WITH the bulldozers moving into our old hospital on Monday it was with a renewed sense of urgency that we cleared out the last of our worldly goods.
The Whorral Bank hospital is finally fully operational. Moving everything from stationery and computers to medical equipment has been a mammoth task, but by last weekend the place was beginning to feel like home.
Staff and equipment are all very well, but our entire reason for being is our patients. One of the first in our new dog ward was Fred, a Tibetan Mastiff. He certainly was a test of our facilities, being about 70kg in weight — bigger than the majority of our nurses. Fred was spending a few days with us because his diabetes had become unstable.
Diabetes mellitus is a common condition in dogs and cats. Interestingly, degus (a sort of giant gerbil) all have a genetic predisposition. It is caused by either a lack of insulin in the blood, or cells in the body not responding to insulin properly. Insulin is a hormone to control sugar levels in the body. The lack of insulin means that there is too much sugar in the bloodstream. The extra sugar is lost in urine so diabetic pets urinate and drink more than usual. The lack of insulin also means that there is too little glucose in the cells of the body, which leads to weakness, weight loss and hunger.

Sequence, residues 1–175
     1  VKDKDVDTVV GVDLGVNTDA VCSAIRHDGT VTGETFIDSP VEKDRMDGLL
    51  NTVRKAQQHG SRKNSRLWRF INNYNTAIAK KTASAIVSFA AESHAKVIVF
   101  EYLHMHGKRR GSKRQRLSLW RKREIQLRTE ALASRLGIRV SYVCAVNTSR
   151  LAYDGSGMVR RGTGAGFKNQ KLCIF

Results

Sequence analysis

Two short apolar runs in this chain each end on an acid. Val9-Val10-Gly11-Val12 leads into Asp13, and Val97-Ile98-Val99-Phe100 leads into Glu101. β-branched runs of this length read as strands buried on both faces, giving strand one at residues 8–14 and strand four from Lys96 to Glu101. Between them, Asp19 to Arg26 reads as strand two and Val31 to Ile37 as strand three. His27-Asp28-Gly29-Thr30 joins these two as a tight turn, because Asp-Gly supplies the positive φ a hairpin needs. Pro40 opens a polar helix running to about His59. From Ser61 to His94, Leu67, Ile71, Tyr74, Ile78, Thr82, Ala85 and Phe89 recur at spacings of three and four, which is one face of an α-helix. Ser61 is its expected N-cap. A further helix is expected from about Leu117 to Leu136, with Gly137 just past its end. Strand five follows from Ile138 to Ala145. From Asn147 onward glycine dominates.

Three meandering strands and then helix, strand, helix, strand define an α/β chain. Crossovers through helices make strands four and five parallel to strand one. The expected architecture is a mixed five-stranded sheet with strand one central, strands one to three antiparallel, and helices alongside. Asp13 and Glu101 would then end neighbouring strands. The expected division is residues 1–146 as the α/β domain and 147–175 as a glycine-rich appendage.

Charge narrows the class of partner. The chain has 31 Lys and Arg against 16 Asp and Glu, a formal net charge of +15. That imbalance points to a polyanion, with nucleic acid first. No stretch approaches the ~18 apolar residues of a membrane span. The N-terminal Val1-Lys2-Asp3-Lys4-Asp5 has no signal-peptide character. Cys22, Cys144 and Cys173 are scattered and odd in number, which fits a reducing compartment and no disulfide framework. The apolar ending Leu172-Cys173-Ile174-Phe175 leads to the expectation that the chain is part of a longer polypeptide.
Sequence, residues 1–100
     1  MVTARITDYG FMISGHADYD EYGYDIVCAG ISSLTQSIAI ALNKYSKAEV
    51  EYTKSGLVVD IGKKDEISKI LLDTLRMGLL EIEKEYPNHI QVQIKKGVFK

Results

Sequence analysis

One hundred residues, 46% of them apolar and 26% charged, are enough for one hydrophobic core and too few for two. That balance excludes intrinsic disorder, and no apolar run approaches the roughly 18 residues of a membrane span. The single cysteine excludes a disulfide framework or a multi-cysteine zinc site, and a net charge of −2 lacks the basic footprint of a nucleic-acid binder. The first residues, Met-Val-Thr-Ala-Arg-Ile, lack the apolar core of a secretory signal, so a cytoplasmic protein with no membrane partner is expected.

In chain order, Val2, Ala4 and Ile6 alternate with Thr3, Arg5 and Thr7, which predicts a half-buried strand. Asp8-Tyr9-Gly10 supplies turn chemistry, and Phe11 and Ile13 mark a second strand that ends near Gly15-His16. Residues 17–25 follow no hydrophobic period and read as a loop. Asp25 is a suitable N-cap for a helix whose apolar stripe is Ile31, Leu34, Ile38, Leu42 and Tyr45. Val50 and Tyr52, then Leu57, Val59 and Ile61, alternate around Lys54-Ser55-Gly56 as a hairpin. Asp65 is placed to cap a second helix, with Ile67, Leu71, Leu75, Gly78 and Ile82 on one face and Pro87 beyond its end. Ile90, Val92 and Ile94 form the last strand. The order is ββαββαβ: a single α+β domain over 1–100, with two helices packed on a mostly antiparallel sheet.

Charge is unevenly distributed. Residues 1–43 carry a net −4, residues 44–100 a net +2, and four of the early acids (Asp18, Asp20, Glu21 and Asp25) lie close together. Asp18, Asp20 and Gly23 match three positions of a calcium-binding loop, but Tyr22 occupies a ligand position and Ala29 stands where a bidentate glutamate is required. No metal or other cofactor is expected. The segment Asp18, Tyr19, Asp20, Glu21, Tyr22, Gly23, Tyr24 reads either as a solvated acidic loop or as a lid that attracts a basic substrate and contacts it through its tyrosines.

A lack of insulin production is the most common cause in cats and dogs, but we are seeing an ever increasing number of diabetic animals, especially cats, where the cause is obesity.
We will often diagnose diabetes at a routine health check — a dog or cat that is drinking and peeing more than usual is one of the first signs. A simple urine test is often enough to point us in the right direction.
Treatment is quite straight forward in most cases, though does require a lot of commitment from the pet owner. Treatment is with insulin injections. These are often given twice a day at mealtimes. In virtually all patients, some dietary changes are needed. This is especially true in the case of the larger cat or dog where weight loss can make all the difference. Initial stabilisation can sometimes take a month or two, and very frequent visits to the vet for blood tests are often needed.
Sometimes it can be a little more stressful, as in Fred’s case, although I’m pleased to report that we got him sorted out and he is now back home.
If your pet is drinking or peeing more than usual it is always worth booking them in for a check-up. If you can, bring a fresh sample of their urine with you. We can give you some tips over the phone and provide you with the necessary kit if you don’t have a suitable container.
Chris Green, Director and Senior Vet